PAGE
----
­ Anorexia  as  prevalent  in  female  athlete  as  general  female  (1.3%)

­ Bulimia  much  more  prevalent  in  female  athlete  (~8%)  than  general  female  population ­ Eating  disorders  most  prevalent  in  endurance,  aesthetic,  and  weight­dependent  sports ­ Causes  of  eating  disorders:

­ Largest  risk  factor  is  being  female

­ Heavy  training  loads  is  not   primary  cause  of  eating  disorders

­ Weight  gain  due  to  injury  or  offseason  may  lead  to  dieting  and  irrational  fear  of  weight gain  in  athletes

­ Low  self­esteem  and  overly  self­critical  +  impulsive

­ Addictiveness  scores  similar  to  drug  addicts

­ Overactivity  appears  to  be  a  consistent  symptom  of  eating  disorders  →  30­80%  of  those with  eating  disorders  are  compulsive  exercises

­ Deliberate  exercise

­ Involuntary  and  persistent  restlessness

­ Effects  of  Eating  Disorders:

­ Depression,  fatigue,  anxiety,  irritability

­ Prolonged  negative  energy  balance  →  decreased  FSH,  LH  from  anterior  pituitary  → decreased  estrogen,  progesterone  production  by  ovaries  →  amenorrhea

­ Due  more  to  low  energy  intake  than  low  BF%

­ Decreased  estrogen  causes  decreased  calcium  facilitated  into  bone  →  bone  loss and  risk  of  osteoporosis 

­ 95%  of  maximal  bone  density  reached  by  age  of  18

­ Likely  reversible  with  proper  lifestyle  change

­ Delayed  onset  of  puberty  →  poor  bone  development  and  susceptibility  to  fractures  later in  life

­ Female  athlete  triad  =  Disordered  eating  +  Amenorrhea  +  Osteoporosis ­ Most  at  risk  involved  in  sports  where  low  BF%  is  advantages  (endurance, gymnastics)  or  low  BW  required  (rowing,  martial  arts)

­ Death  rates  for  anorexia  in  general  population  is  6%  (may  be  as  high  as  18%) ­ excessive  fluid  and  electrolyte  imbalance  →  cardiac  arrest  is  primary  cause ­ Suicide  is  secondary  cause

­ Treatment  and  Prevention

­ Education  on  balanced  meal  and  regular  eating  pattern

­ Intervention  by  loved  ones:

­ Irrational  fear  of  admitting  problem

­ Early  diagnosis  is  essential

­ Manage  depression  first  →  most  life  threatening

­ Cognitive­behavioural  therapy

­ Antidepressant  medication

­ Maintain  moderate  supervised  exercise

­ Goal  of  maintaining  at  least  90%  of  ideal  BW  by  consuming  at  least  3  meals  a  day ­ Assess  bone  marrow  density  and  possible  hormone  replacement  therapy  to  prevent osteoporosis

­ Especially  in  amenorrhea  >  6  months

­ Coaches  play  a  key  role

­ Should  not  comment  on  athlete’s  body  weight,  size,  or  BF%

­ Team  approach  →  Physician,  dietician,  physiologist,  psychologist,  and  coaches ­ Early  intervention  is  KEY

KIN321  Class  Notes  Week  14  (11/28­12/02)

________________________________________________________________________________ From previous sections

­ Special Populations & Eating Disorders

________________________________________________________________________________ Lecture 20 Surgical and Pharmacological Approaches to Disease Management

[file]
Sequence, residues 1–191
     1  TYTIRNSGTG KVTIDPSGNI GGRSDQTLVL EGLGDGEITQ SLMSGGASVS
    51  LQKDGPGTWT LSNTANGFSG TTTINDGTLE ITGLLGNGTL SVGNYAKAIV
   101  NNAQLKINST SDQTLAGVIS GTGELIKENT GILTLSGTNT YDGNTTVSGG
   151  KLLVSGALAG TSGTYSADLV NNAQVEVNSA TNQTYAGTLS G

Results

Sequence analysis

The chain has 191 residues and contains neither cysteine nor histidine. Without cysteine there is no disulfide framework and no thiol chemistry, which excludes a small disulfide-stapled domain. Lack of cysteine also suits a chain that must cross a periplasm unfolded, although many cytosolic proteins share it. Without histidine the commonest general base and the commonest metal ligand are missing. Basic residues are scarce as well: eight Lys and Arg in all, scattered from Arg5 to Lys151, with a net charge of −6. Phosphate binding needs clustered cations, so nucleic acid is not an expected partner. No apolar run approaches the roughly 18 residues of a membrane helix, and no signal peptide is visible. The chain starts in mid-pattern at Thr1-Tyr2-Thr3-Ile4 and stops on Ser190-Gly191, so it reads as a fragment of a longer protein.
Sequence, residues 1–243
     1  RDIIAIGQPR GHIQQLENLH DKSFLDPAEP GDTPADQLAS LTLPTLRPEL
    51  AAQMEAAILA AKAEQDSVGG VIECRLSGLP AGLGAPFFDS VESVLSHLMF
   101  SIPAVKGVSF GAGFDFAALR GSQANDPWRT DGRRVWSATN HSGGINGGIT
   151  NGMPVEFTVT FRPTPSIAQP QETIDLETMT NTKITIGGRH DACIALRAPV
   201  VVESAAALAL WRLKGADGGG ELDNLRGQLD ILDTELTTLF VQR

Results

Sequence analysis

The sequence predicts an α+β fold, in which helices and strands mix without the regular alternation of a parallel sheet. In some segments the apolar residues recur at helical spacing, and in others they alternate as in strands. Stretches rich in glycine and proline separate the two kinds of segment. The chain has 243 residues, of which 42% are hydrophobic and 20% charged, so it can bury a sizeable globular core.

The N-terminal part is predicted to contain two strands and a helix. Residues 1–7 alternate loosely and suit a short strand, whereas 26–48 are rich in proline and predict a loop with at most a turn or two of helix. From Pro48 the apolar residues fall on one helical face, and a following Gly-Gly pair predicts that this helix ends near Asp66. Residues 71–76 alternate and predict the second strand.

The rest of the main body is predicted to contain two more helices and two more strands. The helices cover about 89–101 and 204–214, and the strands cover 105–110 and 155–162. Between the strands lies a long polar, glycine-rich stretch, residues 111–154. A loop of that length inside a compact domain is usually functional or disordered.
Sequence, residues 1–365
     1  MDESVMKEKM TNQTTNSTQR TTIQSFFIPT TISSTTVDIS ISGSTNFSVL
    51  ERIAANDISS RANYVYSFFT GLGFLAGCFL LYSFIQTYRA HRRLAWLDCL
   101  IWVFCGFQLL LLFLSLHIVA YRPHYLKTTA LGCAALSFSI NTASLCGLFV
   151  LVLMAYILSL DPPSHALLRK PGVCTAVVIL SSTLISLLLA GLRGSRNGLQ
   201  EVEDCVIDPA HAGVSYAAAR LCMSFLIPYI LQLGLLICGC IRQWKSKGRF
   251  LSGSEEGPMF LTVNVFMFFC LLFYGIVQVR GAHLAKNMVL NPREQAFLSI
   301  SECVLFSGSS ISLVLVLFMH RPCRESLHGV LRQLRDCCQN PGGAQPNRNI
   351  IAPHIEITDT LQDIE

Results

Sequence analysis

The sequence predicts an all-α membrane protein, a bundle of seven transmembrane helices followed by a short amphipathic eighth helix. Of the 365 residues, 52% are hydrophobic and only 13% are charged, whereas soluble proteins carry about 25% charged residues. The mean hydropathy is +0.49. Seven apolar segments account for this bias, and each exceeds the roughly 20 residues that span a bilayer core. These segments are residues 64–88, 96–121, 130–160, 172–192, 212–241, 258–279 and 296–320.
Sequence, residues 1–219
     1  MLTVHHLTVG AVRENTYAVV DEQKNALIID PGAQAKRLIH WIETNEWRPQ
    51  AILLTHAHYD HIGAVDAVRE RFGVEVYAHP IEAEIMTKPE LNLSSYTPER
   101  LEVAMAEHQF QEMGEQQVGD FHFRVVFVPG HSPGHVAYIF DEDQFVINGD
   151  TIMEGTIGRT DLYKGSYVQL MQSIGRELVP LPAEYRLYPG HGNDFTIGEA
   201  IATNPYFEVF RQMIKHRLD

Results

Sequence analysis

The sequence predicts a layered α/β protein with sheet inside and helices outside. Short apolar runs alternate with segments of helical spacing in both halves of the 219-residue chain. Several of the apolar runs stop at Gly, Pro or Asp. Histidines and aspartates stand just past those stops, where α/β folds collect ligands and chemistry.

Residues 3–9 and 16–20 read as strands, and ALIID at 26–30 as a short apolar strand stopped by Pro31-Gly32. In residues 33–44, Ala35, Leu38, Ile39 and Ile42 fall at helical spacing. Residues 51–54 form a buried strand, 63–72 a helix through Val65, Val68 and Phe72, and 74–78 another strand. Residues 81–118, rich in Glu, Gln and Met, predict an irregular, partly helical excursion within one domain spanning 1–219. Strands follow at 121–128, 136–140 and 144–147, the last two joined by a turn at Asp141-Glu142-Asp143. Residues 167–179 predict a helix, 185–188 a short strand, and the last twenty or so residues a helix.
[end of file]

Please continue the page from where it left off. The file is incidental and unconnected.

Surgical:

­ Pacemakers

­ Ability to properly regulate HR especially important in maintaining adequate Q in those with cardiac disease due to lower than normal stroke volume → loss of muscle → lessened contractility

­ Consist of pulse generator (battery), leads, and contact electrodes

­ Most common indications for pacemakers

­ SA node dysfunction → symptomatic bradycardia (lower than normal HR), chronotropic incompetence (reduced ability to increase HR w/ exercise or stress

­ AV conduction system blockage → loss of AV synchrony

­ Always provides rhythm OR intermittently fires when SA node fails to provide appropriate rate → sensing capacity on a beat­by­beat basis

­ Two basic types of pacemakers:

­ Single­chamber → for SA node dysfunction only

­ Dual­chamber → for AV conduction blockage

­ Senses SA node and stimulates ventricles depending on level of AV blockage

­ Increases Q (primarily at rest) without increasing mVO2(myocardium O2 consumption) → increase risk of ischemia

­ Capable of shortening PR interval with increasing HR

­ Programmed to stimulate ventricular contraction at a set maximal

rate despite SA node activity

­ Important for atrial tachycardia (higher HR than normal)

­ Rate responsive pacing → capacity of pacemakers to increase HR when activity level is increased

­ Compensate for chronotropic incompetence

­ Sensor monitor changes in:

­ Body motion from an accelerometer

­ Ventilation from transthoracic impedance (lung action)

­ QT interval

­ Those with rate responsive pacemakers should undergo chronotropic assessment exercise protocol that mimics everyday activities to set:

­ Upper and lower HR limits

­ Angina threshold → at what HR would cause chest pain?

­ Sensitivity

­ Heart Transplantation

­ Accepted definitive treatment for end­stage chronic heart failure (weak enough heart that can’t support normal metabolism at rest, Q < 4­5 L/min), and may be considered for:

­ Cardiomyopathy

­ Congenital heart disease

­ Coronary artery disease

­ Heart valve disease

­ Orthotopic technique vs. Heterotrophic technique (Temporary and RARE, two hearts)

­ Abnormal HR regulation due to complete denervation → lack of parasympathetic and sympathetic inputs

­ Higher HR at rest

­ Lower HR during exercise

­ Higher HR during recovery